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What the gay marriage vote reveals about Catholic attitudes in Ireland

Jun 5, 2015 By Paul V.M. Flesher

Last week, Ireland voted overwhelmingly to legalize gay marriage. The vote was 62 percent to 38 percent, with all but one district voting in favor. Rural as well as urban districts, senior citizens as well as young people voted for legalization.

Most United States' news reports celebrated the vote's positive side, the gay community's happiness, and the way the vote unified nearly all sectors of Irish society.

But there is a darker side. Since Ireland is 84 percent Catholic, the vote is seen as an overwhelming rejection of the Catholic Church. This is not surprising. In the last 30 years, weekly Mass attendance in Ireland has dropped from nearly 90 percent to less than 20 percent.

Why this sudden change? It is largely due to the revelation of three horrific practices of the church. As each one came to light, Irish Catholics at first disbelieved but gradually accepted that the church had failed them.

First is the priestly sex-abuse scandal in which a few priests raped and molested hundreds, even thousands, of children over decades. While the acts of these priests were bad enough, church officials in Ireland, as in the United States, failed to halt these crimes. Instead, they covered up the deeds and moved the perpetrators to new places. Rather than removing these criminals, the church enabled them.

Second are the revelations of the church-run state orphanages and reformatories, where rather than being loved and cherished, children routinely were beaten, abused and raped. The Irish government's 2009 Ryan Report found that thousands of children in these institutions, run by nuns and monks, were often terrorized. According to the report, "ritualized beatings were routine" in girls' facilities, and rape and molestation were "endemic" in boys' facilities.

The Irish church and religious orders have refused to assist in investigations, have denied the revelations and shown no remorse or contrition.

Third are the facilities for unmarried mothers. Since the late 1700s, unmarried mothers were sent to so-called "Magdalene" laundries, where they worked as unpaid laborers cleaning clothes. Sometimes they spent their entire lives in the institutions. The last laundry was not closed until 1996.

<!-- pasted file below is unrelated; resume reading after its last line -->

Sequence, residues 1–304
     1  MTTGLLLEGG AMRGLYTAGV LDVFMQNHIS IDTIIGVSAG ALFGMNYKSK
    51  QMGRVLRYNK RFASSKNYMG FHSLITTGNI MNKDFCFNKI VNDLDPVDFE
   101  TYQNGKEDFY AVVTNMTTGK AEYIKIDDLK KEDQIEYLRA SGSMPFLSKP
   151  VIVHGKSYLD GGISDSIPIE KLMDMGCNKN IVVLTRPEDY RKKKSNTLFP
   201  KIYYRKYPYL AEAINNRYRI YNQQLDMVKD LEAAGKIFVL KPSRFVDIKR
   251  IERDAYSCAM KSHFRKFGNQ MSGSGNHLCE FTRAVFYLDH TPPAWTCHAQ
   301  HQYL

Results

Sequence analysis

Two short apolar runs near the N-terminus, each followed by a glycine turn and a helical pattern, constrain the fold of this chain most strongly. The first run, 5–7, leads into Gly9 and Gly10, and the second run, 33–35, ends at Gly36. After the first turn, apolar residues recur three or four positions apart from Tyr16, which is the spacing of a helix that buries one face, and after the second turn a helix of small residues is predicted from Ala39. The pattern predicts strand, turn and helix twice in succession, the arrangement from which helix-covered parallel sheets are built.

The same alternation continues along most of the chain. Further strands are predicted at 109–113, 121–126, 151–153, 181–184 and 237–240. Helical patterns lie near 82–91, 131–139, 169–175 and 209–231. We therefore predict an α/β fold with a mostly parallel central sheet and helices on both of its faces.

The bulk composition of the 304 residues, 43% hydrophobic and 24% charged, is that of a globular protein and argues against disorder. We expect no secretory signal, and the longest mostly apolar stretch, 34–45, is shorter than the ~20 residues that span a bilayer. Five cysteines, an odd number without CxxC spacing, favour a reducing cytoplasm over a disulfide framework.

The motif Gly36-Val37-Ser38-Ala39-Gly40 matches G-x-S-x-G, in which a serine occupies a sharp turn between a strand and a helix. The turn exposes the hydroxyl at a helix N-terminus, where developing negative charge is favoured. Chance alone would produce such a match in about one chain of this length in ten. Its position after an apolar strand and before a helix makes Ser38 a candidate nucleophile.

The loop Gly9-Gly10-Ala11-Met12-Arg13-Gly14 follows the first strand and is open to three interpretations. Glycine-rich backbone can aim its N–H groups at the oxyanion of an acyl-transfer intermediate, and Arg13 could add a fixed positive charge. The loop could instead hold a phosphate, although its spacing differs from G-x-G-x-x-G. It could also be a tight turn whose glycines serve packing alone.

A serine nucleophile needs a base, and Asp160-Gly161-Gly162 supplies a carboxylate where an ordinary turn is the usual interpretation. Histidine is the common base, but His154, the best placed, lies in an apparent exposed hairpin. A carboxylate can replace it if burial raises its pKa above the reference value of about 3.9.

There also were mother-baby institutional homes around Ireland. Both types of institutions were rife with abuse, beatings and a lack of human decency. Hunger and filth were rampant, and the nuns regularly treated their charges in a degrading fashion.

Furthermore, since 1993, authorities have uncovered more than 4,000 bodies in unmarked graves, including 800 in a sewer near the home in Tuam, that were disposed of by these homes and laundries. The lack of human decency indicated by such treatment and the continuing refusal of religious institutions to provide any information about them has angered the Irish people immensely.

These practices by the Catholic Church in Ireland that have come to light have robbed the church of its moral authority in the eyes of its parishioners. So it is not surprising its teachings about homosexuality were ignored in the vote on gay marriage.

But there is a silver lining. Archbishop Diarmuid Martin of Dublin observed after the vote, "We (the church) have to stop and have a reality check ... I ask myself, most of these young people who voted yes are products of our Catholic school system for 12 years. I'm saying there's a big challenge there to see how we get across the message of the church."

Actually the Catholic Church got its message across just fine. In Ireland, the church runs more than 85 percent of the schools, and in those schools it teaches about Christ's love, that all people are equal before God, and that all sins can be forgiven. For decades it has taught its students the principles of how to be good, how to love "your neighbor" and how to follow a moral and upright life.

The Irish took the principles of love and equality before God and applied them to the question of gay marriage. The Catholic attitudes they learned in school helped them decide that gays should be allowed to marry, just like everyone else.

This attitude of equal treatment for all people, including gays, is not unique to Irish Catholics. Catholics in many parts of the world are in favor of gay marriage. In America, polls since 2010 have shown that a majority of Catholics accept gay marriage, more than any other Christian group. And, as Frank Bruni pointed out in his New York Times essay May 27, many Catholic countries already have adopted gay marriage, including Spain, Portugal, France, Uruguay, Brazil and Argentina.

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